Just three more performances of Falstaff at the Dorothy Chandler Pavilion remain this year, and if you haven’t seen the brand new production, this is your last chance.
A few days before its opening, I got a chance to go backstage with other media and see the staging, a bit of rehearsal and results of all the effort that goes into the food in the comic opera, which was also Verdi’s last. Yes, the food. A whole turkey is prepared for every single performance of Falstaff – Act II, Scene 1, to be exact – requiring 5 hours of preparation that precede it. Mistress Quickly, played by Ronnita Nicole Miller, also has to deal with taking a bite of a big turkey leg immediately before singing verse.
Other food recreated in the midst of Falstaff’s gluttony is Parkin, a molassses cake, and Marché Pain – both desserts dating back to Elizabethan times – though you probably wouldn’t be able to recognize them from your seat. Which alludes to the detail to which each aspect of the production is taken to illustrate Falstaff’s opulence.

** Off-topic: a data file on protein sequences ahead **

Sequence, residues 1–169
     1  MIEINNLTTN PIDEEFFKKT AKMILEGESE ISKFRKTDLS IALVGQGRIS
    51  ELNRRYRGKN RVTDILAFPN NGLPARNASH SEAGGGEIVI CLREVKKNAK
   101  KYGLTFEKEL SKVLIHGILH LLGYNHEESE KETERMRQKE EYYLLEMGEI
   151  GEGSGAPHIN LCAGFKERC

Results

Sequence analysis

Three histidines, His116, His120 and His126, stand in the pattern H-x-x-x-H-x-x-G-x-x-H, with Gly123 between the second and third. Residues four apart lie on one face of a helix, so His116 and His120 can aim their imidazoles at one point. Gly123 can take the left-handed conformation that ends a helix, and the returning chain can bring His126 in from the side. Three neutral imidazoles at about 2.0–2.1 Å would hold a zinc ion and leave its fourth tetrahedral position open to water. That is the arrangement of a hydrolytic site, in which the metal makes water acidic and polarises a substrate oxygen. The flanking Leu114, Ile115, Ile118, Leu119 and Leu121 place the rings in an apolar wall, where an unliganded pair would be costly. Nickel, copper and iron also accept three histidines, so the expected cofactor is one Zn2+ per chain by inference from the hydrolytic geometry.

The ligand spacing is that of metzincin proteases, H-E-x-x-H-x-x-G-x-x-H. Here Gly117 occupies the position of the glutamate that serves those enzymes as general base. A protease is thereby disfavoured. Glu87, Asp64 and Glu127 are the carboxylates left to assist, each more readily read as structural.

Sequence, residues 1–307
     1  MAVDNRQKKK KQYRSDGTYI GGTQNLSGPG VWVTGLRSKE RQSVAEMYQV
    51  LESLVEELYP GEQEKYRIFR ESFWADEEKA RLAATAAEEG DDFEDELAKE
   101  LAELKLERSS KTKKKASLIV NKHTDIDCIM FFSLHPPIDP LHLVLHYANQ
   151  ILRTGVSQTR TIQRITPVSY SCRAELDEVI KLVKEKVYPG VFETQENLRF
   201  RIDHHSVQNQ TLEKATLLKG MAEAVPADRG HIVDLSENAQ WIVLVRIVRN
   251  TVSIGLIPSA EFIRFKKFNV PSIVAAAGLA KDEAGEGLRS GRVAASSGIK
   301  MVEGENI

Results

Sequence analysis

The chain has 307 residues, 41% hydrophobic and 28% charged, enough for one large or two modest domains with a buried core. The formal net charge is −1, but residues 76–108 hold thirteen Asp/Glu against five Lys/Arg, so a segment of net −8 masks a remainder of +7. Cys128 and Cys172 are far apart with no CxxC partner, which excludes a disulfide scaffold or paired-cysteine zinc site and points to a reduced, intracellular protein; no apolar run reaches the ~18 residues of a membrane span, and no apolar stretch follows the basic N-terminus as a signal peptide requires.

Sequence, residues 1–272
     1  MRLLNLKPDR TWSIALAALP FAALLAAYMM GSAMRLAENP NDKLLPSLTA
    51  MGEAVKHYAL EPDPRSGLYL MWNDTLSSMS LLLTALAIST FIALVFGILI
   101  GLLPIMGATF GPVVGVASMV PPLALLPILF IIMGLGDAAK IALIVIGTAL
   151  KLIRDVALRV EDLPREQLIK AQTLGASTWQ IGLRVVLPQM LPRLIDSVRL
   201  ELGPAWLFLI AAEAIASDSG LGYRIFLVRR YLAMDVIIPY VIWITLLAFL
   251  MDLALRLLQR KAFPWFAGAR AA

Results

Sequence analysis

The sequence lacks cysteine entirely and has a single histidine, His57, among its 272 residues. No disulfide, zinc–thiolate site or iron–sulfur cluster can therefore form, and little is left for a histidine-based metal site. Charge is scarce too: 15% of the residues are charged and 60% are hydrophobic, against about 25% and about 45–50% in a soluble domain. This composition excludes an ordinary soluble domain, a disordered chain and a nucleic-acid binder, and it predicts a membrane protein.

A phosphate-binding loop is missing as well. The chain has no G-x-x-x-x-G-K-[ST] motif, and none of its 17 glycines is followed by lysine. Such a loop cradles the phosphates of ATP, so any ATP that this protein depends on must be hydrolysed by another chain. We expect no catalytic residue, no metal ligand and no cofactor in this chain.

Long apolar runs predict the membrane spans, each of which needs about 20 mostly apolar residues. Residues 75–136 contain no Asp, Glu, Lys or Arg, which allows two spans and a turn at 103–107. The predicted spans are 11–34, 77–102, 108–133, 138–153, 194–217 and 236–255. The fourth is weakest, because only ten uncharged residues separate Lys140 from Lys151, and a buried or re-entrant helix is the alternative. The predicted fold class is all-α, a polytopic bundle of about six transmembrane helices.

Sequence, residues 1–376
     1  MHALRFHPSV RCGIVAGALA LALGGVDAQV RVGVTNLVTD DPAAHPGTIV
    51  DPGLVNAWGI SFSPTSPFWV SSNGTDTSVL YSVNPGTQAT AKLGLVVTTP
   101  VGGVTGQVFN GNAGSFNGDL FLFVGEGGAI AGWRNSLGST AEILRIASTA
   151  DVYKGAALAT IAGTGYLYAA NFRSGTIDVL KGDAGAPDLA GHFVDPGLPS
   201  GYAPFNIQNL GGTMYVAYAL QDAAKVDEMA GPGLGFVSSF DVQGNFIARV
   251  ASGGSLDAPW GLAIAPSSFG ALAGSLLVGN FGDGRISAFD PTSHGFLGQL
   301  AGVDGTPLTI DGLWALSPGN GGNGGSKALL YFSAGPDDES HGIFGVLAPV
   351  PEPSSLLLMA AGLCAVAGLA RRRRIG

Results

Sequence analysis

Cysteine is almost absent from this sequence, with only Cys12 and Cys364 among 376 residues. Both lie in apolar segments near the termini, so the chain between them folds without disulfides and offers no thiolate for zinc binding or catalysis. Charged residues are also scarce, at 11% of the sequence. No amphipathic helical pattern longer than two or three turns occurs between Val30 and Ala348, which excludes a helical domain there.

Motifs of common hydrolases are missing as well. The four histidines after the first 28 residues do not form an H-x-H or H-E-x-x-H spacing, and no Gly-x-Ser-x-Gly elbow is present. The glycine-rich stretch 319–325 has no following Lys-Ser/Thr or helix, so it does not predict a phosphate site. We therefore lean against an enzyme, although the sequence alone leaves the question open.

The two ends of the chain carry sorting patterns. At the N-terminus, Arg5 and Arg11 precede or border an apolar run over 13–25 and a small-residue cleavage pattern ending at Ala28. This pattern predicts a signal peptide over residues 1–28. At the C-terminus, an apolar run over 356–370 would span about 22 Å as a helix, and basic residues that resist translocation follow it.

But the performers’ passion for food goes beyond eating the leftovers from the spoils of each production. Carmen Giannttasio, who plays Alice Ford, has actually written a food blog while in Italy.
And in a way, it’s some kind of crazy full circle for me, personally. I now write about food, and it’s the reason why I was invited backstage – but I’ve also played Violin I in the pit orchestra for a UCLA production of Falstaff during my undergraduate years. It was probably the most enjoyable pit orchestra experience in my amateur career as a violinist. If you don’t go because of your obsession of food, go because of the orchestration and the actual opera; it’s one of Verdi’s most beautiful operatic works.